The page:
The quality of the association is only as good as the board members and the homeowners. The board is elected and can be replaced. However, the homeowners need to participate to make things work. Go to meetings, raise issues, call for votes, volunteer to serve on committees, etc. One way for irritated homeowners to change the HOA is to volunteer for or get elected to the board. In most cases, such requires only a few hours work (if you can call it work) each month.

When done right, an HOA can be of great benefit to a community by maintaining reasonable standards that help improve property values and quality of life.

They should not be dismissed out of hand, nor should they be accepted without some investigation.

Taldor

Michael Donovan wrote:


The quality of the association is only as good as the board members and the homeowners. The board is elected and can be replaced. However, the homeowners need to participate to make things work. Go to meetings, raise issues, call for votes, volunteer to serve on committees, etc. One way for irritated homeowners to change the HOA is to volunteer for or get elected to the board. In most cases, such requires only a few hours work (if you can call it work) each month.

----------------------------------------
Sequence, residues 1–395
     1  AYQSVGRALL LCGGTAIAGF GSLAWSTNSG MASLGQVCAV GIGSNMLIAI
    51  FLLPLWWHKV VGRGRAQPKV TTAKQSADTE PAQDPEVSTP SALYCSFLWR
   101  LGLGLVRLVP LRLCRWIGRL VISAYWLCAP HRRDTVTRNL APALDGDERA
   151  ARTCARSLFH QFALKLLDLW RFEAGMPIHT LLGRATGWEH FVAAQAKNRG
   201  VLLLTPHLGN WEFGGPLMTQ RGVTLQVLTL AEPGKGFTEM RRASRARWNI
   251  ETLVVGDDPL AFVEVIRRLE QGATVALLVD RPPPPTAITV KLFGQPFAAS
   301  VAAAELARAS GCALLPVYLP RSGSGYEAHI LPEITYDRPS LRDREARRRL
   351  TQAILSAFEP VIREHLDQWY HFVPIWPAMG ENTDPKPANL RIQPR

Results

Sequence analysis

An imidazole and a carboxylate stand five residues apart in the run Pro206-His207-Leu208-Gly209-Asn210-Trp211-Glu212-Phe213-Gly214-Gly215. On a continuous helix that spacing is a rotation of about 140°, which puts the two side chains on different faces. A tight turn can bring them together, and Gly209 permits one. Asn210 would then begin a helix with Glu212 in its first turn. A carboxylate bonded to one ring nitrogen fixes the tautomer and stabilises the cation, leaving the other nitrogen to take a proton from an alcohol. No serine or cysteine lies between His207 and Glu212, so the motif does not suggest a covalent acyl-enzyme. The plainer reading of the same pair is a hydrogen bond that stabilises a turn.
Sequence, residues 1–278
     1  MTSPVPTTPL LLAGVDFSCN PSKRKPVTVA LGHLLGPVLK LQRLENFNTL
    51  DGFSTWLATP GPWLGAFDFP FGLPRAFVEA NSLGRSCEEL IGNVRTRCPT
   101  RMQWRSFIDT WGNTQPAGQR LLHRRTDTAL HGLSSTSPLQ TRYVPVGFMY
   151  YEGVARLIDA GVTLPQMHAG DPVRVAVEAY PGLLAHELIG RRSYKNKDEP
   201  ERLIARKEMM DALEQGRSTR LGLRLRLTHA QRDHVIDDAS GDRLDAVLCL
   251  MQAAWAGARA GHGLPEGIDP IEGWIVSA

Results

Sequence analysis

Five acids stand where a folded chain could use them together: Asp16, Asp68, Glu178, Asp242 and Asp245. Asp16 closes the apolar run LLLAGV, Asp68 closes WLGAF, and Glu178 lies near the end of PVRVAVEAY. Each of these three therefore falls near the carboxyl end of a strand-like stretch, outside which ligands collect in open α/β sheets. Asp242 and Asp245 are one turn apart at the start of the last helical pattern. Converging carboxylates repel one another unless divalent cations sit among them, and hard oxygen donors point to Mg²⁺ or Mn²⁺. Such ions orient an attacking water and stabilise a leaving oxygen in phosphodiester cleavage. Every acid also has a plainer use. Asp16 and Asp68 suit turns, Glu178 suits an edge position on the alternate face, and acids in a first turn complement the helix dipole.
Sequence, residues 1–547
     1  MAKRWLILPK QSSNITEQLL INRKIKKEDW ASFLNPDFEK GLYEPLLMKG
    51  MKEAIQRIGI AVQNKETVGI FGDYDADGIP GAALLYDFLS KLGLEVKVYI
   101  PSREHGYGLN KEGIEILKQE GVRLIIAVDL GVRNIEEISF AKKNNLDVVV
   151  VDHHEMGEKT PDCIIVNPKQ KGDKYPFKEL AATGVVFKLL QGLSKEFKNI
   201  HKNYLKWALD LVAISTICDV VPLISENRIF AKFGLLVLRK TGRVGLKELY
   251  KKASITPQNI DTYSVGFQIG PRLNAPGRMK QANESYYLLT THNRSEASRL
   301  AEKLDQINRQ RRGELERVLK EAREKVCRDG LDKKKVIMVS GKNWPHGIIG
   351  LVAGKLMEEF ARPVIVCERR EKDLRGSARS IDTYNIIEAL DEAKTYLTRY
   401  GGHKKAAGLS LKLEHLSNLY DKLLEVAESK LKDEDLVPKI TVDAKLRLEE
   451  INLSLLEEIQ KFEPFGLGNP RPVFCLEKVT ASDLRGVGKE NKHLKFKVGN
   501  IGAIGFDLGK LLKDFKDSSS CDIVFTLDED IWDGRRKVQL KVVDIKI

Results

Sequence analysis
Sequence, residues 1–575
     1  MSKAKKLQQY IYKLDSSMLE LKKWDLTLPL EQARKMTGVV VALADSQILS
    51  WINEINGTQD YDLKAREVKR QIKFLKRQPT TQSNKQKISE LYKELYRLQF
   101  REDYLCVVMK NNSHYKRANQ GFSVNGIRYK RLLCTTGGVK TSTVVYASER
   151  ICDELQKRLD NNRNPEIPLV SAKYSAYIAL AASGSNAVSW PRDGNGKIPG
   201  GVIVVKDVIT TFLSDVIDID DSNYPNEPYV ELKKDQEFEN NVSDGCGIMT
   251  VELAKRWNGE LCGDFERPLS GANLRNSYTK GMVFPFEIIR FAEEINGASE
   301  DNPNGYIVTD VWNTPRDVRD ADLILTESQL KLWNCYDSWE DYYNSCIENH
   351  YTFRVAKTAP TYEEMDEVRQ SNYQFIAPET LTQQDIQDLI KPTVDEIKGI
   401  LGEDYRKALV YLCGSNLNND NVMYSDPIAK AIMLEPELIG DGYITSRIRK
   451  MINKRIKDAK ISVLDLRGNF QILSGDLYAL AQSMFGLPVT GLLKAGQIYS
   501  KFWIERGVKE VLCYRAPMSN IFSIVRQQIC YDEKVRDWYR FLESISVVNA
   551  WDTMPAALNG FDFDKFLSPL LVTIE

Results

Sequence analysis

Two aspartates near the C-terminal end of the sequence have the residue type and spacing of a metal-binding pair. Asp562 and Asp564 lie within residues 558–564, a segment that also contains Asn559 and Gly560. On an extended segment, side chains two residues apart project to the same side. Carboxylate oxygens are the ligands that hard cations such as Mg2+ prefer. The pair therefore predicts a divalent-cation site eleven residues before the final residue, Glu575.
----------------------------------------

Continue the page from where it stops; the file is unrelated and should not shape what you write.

When done right, an HOA can be of great benefit to a community by maintaining reasonable standards that help improve property values and quality of life.

They should not be dismissed out of hand, nor should they be accepted without some investigation.

The problem I have is that in my opinion homeowners associations are a tool of complacency. They encourage the erosion of private property rights. Yes, they can do good things with the right people in them. but at any time the members can be changed and it can become a beaurocratic nightmare. Also while it's one thing to have community standards, homeowners associations change standards to enforcable rules and what winds up happening is the people who live under them become used to having other people tell them what they can and cannot do with their property, why then would they fight if the government steps in and starts doing the same thing?